The image shows Loretto students in front of El Paso High School. They are preparing for a field mass which is about to begin.
The Sisters of Loretto began the educational efforts in El Paso and were later supported by Bishop Schuler (1869-1944), who became the first bishop of the Catholic Diocese El Paso from 1915 to 1942. He and Mother Praxedes Carty (1854-1933), local superior of the Sisters of Loretto, were the thriving force behind the construction of Loretto Academy.
The architectural firm Trost & Trost was commissioned to design the building. In September 1923, the School was opened on the Trowbridge property, and St. Joseph Academy, forerunner of Loretto Academy, was transferred from San Elizario to the new school. 143 students enrolled – taught by eight teachers. It took 14 more years to complete the three main units. The cornerstone of the chapel was laid in 1924.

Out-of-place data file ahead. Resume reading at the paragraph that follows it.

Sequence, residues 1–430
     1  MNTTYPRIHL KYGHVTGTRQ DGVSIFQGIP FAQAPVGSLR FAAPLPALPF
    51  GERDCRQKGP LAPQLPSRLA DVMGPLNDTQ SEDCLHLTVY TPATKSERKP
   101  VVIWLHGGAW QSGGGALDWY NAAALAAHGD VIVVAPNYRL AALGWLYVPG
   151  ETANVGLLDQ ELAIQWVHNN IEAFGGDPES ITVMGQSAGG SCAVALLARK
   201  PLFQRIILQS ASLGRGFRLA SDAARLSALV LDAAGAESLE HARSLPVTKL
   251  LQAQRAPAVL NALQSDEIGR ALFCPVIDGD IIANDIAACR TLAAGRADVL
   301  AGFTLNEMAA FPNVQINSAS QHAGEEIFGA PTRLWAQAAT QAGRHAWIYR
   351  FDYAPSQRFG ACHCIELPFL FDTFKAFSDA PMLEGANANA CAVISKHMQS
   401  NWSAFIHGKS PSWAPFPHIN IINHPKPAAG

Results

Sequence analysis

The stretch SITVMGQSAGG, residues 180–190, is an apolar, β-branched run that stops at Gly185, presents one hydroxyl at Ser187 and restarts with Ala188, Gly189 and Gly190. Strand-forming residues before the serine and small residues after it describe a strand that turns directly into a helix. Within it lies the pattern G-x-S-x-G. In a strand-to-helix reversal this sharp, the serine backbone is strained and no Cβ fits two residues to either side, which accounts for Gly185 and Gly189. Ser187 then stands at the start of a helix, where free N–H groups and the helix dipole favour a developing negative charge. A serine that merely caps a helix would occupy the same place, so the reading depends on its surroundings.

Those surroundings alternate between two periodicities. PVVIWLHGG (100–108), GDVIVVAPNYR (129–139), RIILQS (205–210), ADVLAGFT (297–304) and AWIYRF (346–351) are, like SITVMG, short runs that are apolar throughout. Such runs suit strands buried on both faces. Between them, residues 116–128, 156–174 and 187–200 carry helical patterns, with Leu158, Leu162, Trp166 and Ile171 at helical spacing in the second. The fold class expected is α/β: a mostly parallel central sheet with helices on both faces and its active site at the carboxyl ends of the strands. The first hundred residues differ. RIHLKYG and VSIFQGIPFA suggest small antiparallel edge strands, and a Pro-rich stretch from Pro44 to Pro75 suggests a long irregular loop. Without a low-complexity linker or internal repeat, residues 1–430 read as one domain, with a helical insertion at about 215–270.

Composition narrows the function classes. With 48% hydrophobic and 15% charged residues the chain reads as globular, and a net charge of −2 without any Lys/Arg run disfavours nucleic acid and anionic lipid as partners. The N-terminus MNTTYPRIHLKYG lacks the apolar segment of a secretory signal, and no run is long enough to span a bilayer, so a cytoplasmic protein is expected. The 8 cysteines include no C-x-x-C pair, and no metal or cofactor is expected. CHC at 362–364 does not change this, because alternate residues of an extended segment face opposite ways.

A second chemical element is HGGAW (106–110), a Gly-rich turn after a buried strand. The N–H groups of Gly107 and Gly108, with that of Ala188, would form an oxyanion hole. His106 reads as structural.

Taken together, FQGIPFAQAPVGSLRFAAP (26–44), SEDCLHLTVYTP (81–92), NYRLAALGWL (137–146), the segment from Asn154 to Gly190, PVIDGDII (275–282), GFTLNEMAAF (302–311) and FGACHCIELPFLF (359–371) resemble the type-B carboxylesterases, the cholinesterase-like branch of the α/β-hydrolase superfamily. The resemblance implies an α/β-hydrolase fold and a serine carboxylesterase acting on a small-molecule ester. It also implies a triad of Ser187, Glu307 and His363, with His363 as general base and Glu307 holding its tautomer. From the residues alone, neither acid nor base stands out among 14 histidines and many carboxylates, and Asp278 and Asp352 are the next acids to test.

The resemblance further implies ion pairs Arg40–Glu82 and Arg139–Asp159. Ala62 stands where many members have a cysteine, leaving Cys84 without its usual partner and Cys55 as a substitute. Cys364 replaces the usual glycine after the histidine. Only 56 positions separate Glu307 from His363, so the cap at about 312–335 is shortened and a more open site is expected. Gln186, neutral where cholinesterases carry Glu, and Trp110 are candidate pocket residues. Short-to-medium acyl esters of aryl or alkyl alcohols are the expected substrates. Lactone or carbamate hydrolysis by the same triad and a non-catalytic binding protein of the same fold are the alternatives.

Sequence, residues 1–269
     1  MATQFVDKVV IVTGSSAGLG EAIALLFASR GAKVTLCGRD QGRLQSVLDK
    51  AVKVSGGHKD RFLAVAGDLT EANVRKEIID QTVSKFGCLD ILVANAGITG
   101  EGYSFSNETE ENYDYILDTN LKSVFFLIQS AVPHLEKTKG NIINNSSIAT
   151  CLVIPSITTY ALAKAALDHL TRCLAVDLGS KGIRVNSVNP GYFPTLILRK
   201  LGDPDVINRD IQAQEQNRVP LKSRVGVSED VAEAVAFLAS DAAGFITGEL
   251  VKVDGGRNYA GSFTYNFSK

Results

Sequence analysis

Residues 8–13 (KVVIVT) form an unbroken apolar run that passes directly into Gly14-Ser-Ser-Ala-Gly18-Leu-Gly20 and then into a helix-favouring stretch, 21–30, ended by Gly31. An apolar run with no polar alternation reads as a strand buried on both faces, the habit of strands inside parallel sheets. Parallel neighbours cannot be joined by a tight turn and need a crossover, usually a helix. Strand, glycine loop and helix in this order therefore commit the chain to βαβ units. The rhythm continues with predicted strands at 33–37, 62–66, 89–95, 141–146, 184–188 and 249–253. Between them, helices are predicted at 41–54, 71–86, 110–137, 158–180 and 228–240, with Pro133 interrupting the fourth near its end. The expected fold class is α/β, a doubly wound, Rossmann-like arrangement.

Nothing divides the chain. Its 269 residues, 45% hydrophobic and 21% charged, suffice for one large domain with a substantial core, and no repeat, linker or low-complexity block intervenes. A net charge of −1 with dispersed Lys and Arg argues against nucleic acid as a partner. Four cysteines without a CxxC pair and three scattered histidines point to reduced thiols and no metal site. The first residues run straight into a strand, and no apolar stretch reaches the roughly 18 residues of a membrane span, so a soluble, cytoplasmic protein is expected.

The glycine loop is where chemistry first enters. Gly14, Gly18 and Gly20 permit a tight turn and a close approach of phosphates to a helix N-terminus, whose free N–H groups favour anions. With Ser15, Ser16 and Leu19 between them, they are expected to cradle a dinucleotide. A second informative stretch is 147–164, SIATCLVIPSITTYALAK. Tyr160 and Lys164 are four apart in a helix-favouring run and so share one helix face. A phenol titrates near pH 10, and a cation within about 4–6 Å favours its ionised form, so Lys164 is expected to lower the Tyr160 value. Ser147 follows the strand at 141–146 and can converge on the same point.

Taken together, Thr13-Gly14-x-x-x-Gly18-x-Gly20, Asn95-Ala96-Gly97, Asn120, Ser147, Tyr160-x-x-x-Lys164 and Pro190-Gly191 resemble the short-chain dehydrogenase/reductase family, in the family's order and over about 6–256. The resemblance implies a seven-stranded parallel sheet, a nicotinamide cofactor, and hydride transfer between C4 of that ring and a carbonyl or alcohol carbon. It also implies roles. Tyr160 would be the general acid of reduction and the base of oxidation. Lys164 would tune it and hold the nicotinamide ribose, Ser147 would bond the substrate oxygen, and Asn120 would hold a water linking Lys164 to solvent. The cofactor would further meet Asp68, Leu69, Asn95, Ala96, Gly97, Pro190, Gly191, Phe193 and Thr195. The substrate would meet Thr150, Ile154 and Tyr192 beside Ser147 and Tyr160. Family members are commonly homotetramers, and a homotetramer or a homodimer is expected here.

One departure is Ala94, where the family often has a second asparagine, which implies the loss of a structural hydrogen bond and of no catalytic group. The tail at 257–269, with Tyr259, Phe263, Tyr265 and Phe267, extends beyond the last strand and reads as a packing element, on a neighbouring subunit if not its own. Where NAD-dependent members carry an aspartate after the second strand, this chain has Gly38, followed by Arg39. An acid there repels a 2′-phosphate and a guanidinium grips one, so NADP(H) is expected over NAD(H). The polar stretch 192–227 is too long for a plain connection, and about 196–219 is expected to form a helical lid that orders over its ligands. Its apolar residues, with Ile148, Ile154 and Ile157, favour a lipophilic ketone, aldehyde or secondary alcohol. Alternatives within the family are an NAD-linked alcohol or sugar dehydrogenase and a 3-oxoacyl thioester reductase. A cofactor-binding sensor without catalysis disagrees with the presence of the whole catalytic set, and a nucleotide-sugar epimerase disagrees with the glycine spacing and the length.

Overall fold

The arrangement of the buildings, by design, face Mexico and reach out in a welcoming gesture. Indeed, in the following years, Loretto Academy grew and young women from the surrounding states and Mexico came to El Paso to be educated there. Sister Francetta initiated the construction of new buildings, like the cafeteria, elementary school, Hilton-Young Hall and the swimming pool. The convent housed nearly one hundred Sisters who staffed the Academy and various parochial schools throughout the city of El Paso. Gradually, many other educational activities were added; including ministry to the gangs, work with Girl's Club, ministry to the very poor, ministry to the deaf, a tutoring school, catechetical work, ministry to the elderly, teaching English as a second language, adult education, and pastoral ministry.
The boarding school closed in 1975 and was converted into a Middle School for girls.
In the 1990s, Loretto continued to accept girls from pre-kindergarten through 12th grade and boys through fifth grade. Recently, the convent has been converted to a retreat center for community organizations.
The number of Sisters has declined but the traditions and beliefs of Loretto Academy continue today.
Field Mass 1934
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